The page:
Auldin Maxwell stacks the 693rd block on the top of record-breaking Jenga tower on Nov. 29 2020. (Submitted)

Auldin Maxwell stacks the 693rd block on the top of record-breaking Jenga tower on Nov. 29 2020. (Submitted)

Salmon Arm boy rests world-record attempt on single Jenga brick

Auldin Maxwell, 12, is now officially a Guinness world record holder.

Auldin Maxwell’s November 2020 world record attempt rested on a single Jenga block.

The 12-year-old Salmon Arm boy says he has wanted to break a world record since he was six years old, and after months of honing his technique, Maxwell crushed the record for most the Jenga blocks stacked on top of a single vertical block. When Maxwell had completed it, the solid square tower resting on top of a single narrow piece of wood contained 693 blocks, the equivalent of 13 full Jenga sets which had to be carefully stacked one at a time.

The only reason he stopped stacking on the top-heavy tower was because there were no more blocks in the house.

The record attempt used pieces from the game Jenga, in which players try to pull wooden blocks out of a stack without knocking the whole thing over. The risk of a toppling tower is only increased with 13 times as many blocks resting on a much less stable base.

Maxwell was out to beat the previous record of 485 blocks by a convincing margin and now hopes to add at least another full box to his tower in order to ward off the competition. Another stacker’s unofficial attempt has reached 518 blocks, still far from Auldin’s total.

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Although he has enjoyed testing the limits of his focus and balance by stacking blocks, cups and other items for a long time, the attempts at a world record began as a way to alleviate quarantine boredom in March 2020. Auldin experimented with a variety of tower designs from hollow squares to stacked octagons before settling on the solid column of blocks.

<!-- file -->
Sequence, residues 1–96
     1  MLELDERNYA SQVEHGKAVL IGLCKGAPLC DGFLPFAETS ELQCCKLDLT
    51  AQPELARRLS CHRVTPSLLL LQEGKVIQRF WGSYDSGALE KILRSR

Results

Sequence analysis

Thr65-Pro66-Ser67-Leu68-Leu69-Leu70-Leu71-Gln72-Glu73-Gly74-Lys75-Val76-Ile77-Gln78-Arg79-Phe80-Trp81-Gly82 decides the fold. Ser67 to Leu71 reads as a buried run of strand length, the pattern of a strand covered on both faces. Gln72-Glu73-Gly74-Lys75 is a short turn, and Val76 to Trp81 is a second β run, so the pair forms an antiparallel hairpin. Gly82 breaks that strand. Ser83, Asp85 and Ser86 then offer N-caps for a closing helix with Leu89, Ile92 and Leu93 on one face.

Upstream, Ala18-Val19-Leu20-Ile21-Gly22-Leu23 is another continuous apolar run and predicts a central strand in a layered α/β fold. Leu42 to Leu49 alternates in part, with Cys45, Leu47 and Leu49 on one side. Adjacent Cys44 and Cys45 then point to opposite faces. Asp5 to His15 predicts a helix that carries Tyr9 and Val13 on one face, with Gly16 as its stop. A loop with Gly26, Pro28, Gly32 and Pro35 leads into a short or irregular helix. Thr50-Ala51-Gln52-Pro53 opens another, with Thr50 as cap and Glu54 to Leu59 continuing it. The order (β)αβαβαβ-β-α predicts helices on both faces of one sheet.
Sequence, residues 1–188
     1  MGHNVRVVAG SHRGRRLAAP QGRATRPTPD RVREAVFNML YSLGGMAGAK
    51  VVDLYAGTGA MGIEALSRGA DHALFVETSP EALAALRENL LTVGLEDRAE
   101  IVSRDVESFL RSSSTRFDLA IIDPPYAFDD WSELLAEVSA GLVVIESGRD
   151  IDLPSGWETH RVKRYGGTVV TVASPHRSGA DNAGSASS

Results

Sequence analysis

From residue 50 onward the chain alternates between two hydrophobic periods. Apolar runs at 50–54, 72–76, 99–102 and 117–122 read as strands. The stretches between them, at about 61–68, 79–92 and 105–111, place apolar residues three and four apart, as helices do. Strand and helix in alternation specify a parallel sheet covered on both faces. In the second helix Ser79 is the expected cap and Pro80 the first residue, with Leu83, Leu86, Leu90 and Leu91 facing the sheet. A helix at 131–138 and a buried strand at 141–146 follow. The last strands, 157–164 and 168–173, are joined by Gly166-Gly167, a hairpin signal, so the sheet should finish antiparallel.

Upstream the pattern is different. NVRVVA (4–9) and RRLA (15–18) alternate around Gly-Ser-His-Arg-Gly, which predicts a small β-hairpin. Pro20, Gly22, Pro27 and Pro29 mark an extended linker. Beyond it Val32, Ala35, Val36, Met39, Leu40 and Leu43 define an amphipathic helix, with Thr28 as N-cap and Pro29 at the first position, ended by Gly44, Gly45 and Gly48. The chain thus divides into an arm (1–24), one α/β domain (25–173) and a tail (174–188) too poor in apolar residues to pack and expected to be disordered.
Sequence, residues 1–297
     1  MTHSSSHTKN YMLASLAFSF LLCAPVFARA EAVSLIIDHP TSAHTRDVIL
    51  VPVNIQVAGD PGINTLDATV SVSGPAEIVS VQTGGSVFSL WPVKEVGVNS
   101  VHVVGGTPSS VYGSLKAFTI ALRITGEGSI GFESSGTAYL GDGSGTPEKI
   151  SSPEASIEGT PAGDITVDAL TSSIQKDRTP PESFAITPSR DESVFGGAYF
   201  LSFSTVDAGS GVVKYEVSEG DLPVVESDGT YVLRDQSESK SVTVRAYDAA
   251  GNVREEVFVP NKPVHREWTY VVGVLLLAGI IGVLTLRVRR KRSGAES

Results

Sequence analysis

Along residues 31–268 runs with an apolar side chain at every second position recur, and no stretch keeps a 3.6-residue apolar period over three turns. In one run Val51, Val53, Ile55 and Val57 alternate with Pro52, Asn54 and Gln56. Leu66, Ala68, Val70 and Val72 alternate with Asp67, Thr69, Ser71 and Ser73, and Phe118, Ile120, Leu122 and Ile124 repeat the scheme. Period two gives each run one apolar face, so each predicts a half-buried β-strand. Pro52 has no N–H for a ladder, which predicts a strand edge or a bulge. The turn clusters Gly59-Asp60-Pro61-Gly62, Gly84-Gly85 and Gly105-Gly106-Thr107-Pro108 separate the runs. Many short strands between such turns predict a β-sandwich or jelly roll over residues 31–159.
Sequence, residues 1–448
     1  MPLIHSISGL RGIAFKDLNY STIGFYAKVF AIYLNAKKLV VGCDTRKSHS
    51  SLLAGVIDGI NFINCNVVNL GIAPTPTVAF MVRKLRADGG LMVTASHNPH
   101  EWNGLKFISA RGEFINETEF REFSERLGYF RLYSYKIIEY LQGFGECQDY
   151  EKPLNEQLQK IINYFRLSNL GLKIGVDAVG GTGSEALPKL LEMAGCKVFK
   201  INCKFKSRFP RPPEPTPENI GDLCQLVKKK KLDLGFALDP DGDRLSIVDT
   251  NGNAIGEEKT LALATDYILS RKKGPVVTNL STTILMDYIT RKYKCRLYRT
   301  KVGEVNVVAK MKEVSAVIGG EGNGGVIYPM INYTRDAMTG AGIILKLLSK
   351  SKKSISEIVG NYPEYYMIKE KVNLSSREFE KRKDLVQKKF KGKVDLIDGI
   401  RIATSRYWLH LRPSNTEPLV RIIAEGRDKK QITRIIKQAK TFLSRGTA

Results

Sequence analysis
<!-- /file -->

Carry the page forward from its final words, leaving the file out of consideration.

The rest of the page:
Maxwell and his family geared up to officially attempt a record-breaking tower on Nov. 29. He beat the standing record on his first attempt but an error with the camera used to document the feat forced him to go again – on his third attempt he stacked up all 693 blocks over the course of a little more than an hour.

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The official word that Maxwell had achieved a Guinness World Record came through on Jan. 22.

Maxwell’s mom Kelly Murray said one of his teachers at Shuswap Middle School thinks he has a future in engineering, but Maxwell hopes to be an actor one day. Murray added that Maxwell is on the autism spectrum and he has always enjoyed stacking and arranging things. She thinks the focus and determination required for the world-record breaking tower is a part of the way his autism manifests.

Auldin is already looking into other possible world records to attempt to break. He said in an unofficial attempt, he has tied the record for most Jenga blocks taken out of a game within one minute without knocking over the tower. He also thinks he has a shot at a record for balancing an umbrella on one finger.



jim.elliot@saobserver.net

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